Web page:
4th > September > 1999 Archive
Intel to cut Celeron, PIII prices 12th September
Only three weeks after it slashed prices on its desktop Pentium III and Celeron processors, Intel is to cut prices yet again. (Story: Intel fires first serious price salvo in AMD's K7 war) Distributors have received notice from Intel that the price cuts will come the week of the 12th of September, on selected members of the Pentium III and Celeron desktop family. At the same time, Intel quietly lowered the price of its 366MHz in the PPGA packaging on the 29th of August. The move must be seen as attacking AMD's products, and at the same time paving the way for the introduction of CuMine technology in October and Camino i820 introductions in late September. Intel is cutting prices on its mobile products too. You can find the details here. ®
Does BX chipset with SDRAM outperform 820 with Rambus?
Intel Developer ForumJust a few hours before a gaggle of British hacks headed out of overheated Palm Springs, we overheard a conversation that stopped us in our tracks. We were sitting by the poolside bravely quaffing some Michelobs and Banquet Coors, when a group of Inteleers and customers came out on the veranda for a sly cigarette or two. One customer was asking why it was that the i820 with Direct Rambus memory is outperformed by a BX mobo using SDRAM (synchronous DRAM). He had been to an Intel presentation where a graph demonstrated that anomaly and had asked the speaker to explain it to him. The Intel speaker couldn't, but said: "If it says it on the slide, it must be true." Ahem. Regular readers will be well aware that there is currently a massive shortage of BX parts. Without being conspiratorial about it, there couldn't be a connection between the two, could there? At IDF, we also picked up a copy of a Platform bandwidth test for the i820 which we hope to take a shrewd look at in the near future. Note, this is not a benchmark. As Pat "Kicking" Gelsinger said in a press conference earlier in the week: "There are lies, lies and benchmarks". ®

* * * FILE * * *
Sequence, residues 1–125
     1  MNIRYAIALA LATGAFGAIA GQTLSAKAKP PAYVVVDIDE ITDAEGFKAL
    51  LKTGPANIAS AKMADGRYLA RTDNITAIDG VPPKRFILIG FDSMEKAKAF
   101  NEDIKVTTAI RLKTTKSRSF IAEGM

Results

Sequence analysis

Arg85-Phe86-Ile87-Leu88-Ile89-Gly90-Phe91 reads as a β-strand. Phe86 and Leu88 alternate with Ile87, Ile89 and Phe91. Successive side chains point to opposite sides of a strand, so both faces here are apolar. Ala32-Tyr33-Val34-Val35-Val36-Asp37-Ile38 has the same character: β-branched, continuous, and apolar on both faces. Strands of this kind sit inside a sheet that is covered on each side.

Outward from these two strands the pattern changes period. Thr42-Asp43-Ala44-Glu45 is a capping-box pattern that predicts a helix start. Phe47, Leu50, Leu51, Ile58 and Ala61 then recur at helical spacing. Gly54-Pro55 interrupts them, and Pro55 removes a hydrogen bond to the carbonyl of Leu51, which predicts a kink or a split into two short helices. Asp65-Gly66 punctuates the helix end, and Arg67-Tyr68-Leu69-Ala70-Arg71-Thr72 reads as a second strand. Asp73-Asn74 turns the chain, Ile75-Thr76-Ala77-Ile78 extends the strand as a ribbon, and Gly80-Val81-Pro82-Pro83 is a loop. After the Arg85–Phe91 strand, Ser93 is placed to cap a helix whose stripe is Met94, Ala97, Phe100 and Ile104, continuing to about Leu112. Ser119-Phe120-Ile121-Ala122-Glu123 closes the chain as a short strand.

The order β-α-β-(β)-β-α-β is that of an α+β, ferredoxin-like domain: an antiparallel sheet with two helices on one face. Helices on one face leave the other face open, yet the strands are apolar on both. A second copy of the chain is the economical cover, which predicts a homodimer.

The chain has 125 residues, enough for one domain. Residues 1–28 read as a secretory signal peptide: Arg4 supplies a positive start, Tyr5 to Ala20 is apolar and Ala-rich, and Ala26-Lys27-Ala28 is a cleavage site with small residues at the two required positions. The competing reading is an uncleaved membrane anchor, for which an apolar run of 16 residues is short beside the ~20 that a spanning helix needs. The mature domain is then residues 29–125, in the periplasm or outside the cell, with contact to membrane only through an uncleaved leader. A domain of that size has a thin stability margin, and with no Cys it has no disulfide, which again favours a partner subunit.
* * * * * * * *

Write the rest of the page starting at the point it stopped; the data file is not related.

Intel abandons server Rambus efforts
Intel Developer ForumReliable sources have told The Register that Intel's efforts to implement Rambus technology in its Carmel chipset for standard high volume servers have come to nothing. Carmel is Intel's server Rambus chipset, which can optionally use the Repeater chipset for machines with very large memory arrays. Over the last six months, a team of Intel engineers have attempted to design a Carmel chipset based motherboard for a quad server but that project has now been abandoned. Instead, Chipsetzilla will now use the Reliance chipset for its quad processor, which will use DRAM, instead. As reported here from Computex in June, engineers are doubtful that large arrays of Rambus RIMMs will ever run at 400MHz (800MT/s). Board firms will also have trouble producing reliable boards to run at 400MHz, the sources added. One of the problems is that Rambus technology are microwave circuits and engineers at mobo manufacturers do not have the technical skill to produce such designs. The 354MHz Rambus channels only tipped up on roadmaps over the last three months and specs for the DRCG clock generators use a divider ratio of 8/3. Translated into system terms, the REFCLK frequency of 100MHz generates a Rambus channel frequency of 267MHz, which does not give any performance gains at all. But if the REFCLK input is changed to 133MHz, identical to the front side bus (FSB) frequency, the rabbit pulled out of this piece of Intel magic gives a frequency of 355MHz. This gives a peak channel of 1.42GB/s and there is enough margin to run a reliable Rambus channel by most mobo makers. Sources added that when Intel tested the first prototype Rambus boards earlier this year, they discovered problems due to intersymbol interference and power plane noise. The divide ratio popped out of nowhere shortly after this discovery. No-one at Intel was available to comment on these reports on Saturday night at 8 pm. ®
Little Zilla found at Chipzilla
Intel Developer ForumSome of our colleagues had discussions with Intel engineers involved in the USB 2.0 project at the Intel Developer Forum in Palm Springs. And several of them report an amazing but true fact. Someone called Jason Zilla works for Chipzilla. We trust that new recruits at the chip monster are not required to change their surnames when they're hired by Intel. We know for a fact that when contractors for Intel are given spooky email addresses when they join the company, such as MichaelX@intel.com... It all sounds a bit spooky to us... ® NB We have some rather interesting Bootnotes from the Forum which we will place on the site, but not on the front page, in the next few days. Keep your eyes peeled, for example, for the Intel Bunny Graveyard...